Is Tony Romo Better Than Kurt Warner?

Arizona Cardinals' geezer quarterback Kurt Warner won a playoff game last Saturday. He'll start for the NFC in the Pro Bowl. But he also wears gloves. On both hands. Even when he plays indoors.

Oh yeah, he's also a religious nut who draws a really crappy God/Jesus/Homeless Guy. (Props to Mike Fisher over at DallasBasketball.com for his latest artist's rendering.)

In other words, he's the anti-Tony Romo.

Gloved. Successful in the post-season. Anti-death metal rock star.

Romo had a disappointingly inconsistent season. We started out praising his new-found pocket patience. Then he started acting all weird. Then he got hurt. Then he sucked.

In the finale flop in Philly, he got all leader-y at a strange time, waving off Wade Phillips's call for a punt. Then after the game, he kinda threw offensive coordinator Jason Garrett under the bus by ripping his team's fundamental philosophy. And, of course, he wrapped it all up in the most confounding, maddening bow possible: Eh, this is just sports ... The sun will come up tomorrow ... There are people at war ... Etc.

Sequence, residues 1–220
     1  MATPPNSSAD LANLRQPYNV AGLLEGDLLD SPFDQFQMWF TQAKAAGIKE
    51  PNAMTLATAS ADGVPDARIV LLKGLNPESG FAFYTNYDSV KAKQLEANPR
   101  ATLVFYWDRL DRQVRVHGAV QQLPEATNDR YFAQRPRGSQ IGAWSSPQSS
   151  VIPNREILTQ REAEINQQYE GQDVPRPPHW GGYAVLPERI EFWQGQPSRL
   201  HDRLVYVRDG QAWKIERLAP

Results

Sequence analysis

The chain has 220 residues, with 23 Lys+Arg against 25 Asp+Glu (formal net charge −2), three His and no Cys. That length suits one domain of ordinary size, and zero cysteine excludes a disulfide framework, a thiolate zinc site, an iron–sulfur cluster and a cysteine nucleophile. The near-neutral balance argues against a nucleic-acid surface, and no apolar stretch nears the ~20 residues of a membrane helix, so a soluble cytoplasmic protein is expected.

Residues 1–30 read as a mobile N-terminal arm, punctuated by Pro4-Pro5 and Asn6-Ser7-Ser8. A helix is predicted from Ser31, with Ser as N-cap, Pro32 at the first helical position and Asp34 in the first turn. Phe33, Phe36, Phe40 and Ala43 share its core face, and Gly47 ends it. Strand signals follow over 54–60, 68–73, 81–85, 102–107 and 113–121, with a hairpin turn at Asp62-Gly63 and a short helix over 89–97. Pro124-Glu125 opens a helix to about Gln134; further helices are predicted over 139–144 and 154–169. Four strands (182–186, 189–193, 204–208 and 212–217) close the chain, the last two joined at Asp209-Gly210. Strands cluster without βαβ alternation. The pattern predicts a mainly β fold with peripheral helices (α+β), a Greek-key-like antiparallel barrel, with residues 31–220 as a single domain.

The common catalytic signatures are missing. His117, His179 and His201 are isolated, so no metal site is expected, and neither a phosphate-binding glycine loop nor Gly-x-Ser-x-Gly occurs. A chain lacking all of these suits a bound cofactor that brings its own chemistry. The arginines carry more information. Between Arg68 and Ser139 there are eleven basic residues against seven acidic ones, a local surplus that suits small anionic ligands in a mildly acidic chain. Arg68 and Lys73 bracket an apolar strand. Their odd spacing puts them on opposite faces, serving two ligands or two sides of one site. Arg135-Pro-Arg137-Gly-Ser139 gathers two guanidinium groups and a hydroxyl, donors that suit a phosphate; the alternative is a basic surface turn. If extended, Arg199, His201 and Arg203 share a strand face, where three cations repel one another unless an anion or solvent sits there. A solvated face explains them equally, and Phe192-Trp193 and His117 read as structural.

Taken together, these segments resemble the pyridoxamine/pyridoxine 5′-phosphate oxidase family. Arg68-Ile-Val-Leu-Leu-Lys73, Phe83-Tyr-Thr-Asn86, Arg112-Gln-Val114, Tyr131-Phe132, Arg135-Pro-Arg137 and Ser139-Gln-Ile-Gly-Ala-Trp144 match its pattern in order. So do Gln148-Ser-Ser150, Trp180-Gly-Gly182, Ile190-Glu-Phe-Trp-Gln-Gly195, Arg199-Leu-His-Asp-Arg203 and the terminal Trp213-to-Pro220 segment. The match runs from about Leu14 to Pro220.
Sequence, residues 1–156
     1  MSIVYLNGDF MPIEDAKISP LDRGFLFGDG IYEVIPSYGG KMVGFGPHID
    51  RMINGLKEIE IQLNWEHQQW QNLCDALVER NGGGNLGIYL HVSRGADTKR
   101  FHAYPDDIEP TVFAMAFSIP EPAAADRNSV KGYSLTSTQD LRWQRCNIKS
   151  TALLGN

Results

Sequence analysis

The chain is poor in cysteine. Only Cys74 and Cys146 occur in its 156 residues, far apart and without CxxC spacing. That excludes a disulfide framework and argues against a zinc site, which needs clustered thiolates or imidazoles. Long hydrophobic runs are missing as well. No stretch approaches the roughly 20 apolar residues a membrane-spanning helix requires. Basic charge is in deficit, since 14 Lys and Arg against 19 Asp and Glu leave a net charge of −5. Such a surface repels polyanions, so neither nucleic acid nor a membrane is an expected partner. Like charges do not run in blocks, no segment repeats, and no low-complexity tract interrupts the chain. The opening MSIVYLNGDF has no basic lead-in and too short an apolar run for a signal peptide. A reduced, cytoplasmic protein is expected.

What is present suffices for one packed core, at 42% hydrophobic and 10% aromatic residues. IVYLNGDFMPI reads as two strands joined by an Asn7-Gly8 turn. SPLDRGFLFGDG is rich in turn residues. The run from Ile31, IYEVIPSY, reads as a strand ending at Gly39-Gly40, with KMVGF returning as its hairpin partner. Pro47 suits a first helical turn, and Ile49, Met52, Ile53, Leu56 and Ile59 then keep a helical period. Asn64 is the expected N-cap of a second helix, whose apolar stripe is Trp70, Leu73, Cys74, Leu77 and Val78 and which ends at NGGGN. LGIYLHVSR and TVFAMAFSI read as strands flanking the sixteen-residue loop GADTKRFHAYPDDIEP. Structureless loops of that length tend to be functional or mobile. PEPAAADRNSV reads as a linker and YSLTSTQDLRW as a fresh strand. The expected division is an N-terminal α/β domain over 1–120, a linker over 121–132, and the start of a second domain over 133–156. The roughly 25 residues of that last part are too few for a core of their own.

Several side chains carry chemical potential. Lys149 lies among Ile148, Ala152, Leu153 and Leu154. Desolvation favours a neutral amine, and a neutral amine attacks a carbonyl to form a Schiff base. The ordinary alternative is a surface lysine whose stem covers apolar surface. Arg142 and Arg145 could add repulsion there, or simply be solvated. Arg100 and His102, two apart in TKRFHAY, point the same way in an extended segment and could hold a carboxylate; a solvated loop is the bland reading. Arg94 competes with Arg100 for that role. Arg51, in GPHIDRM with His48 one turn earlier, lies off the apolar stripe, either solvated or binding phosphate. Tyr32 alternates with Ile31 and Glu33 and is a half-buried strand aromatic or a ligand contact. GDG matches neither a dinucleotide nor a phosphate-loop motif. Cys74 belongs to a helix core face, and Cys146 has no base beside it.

Maybe it's just me, but I want to see my quarterback helmet-throwing pissed when the season ends, not all shruggy-shouldered. I want my quarterback to hate to lose. Romo seems mildly irritated by coming second, but not quite angry enough to motivate his teammates into dedicating all off-season to finishing first.

At this point I can't decide whether Romo is calm and cool or aloof and disinterested. Is he a quarterback who embraces being a celebrity? Or a celebrity who dabbles in being a quarterback?

I ask you, Cowboys' nation, are we still convinced Romo is a franchise quarterback? Is he better than Kurt Warner? - Richie Whitt

We use cookies to collect and analyze information on site performance and usage, and to enhance and customize content and advertisements. By clicking 'X' or continuing to use the site, you agree to allow cookies to be placed. To find out more, visit our cookies policy and our privacy policy.


Join the Observer community and help support independent local journalism in Dallas.


Join the Observer community and help support independent local journalism in Dallas.